PUNE: Citizens should be more sensitive to animals living in close proximity to human habitation and chasing or beating them will only force the animals to retaliate, urged wildlife biologist, Vidya Athreya on Wednesday.
Athreya who works at the Wildlife Conservation Society of India was speaking at the conference 'Jungle Lore', organised as part of the ongoing 7th Kirloskar Vasundhara international film festival.
Addressing the gathering, Athreya said that incidents like the recent case of a leopard injuring a villager in Shelarwadi, Dehu road cantonment area can be avoided with correct handling of the situation. "Animals are more scared of us than we are of them. Research says that if we don't trouble them, they will not trouble us," she said.
Lauding the tolerance of the people in rural areas for having co-existed with animals for centuries, Athreya said that chasing away animals with sticks, or crowding around them is what makes them retaliate. It's best to walk away, when an animal is sighted, she said.
The conference also had a session on eco-tourism and challenges which was addressed by Nitin Kakodkar, chief conservator of forests (education and training). Kakodkar underlined the need to involve the locals and every other stake holder in conservation and promotion of such sites.
He stressed on the need to educate local populations on the benefits of eco-tourism, including generation of employment and increasing revenue to improve their standard of living.
The day-long conference also had a session on joint forest management with a case study of Sakude village (Purandar taluka) presented by committee president, Suresh Saste. Pramod Patil who works for the conservation of the Great Indian Bustard addressed a session on the initiatives being taken for conserving the birds, while conservationist Sanjay Rahangdale spoke on floral diversity of Junnar taluka with special reference to Ceropegias.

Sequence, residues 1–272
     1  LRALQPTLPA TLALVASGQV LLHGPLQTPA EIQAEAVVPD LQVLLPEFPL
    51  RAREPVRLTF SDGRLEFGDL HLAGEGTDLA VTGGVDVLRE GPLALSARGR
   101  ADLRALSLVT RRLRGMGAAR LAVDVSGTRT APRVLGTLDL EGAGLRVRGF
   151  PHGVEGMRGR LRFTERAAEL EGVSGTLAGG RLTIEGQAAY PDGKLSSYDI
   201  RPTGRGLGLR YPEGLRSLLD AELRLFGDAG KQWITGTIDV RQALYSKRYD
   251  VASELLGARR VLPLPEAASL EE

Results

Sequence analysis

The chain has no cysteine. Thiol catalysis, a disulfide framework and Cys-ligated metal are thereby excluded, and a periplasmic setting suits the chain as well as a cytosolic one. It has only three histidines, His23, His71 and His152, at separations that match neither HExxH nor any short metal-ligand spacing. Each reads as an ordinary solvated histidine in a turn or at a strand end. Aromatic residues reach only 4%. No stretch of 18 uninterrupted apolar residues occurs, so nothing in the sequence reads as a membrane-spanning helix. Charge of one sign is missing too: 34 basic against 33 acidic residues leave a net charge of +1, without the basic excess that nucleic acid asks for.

Prachi Mehta of Wildlife Research and Conservation Society suggested simple measures for better management of animal-human conflicts, in order to protect crops from animal destruction, with a special reference to elephants have made their way from Karnataka into Maharashtra.
Jungle Lore, organized with a larger objective of involving the youth and nature lovers in environment conservation also had an interactive session on careers in the field and forest departments.
The conference concluded with the felicitation of three Indian Forest Service (IFS) guards for their contribution towards environment conservation.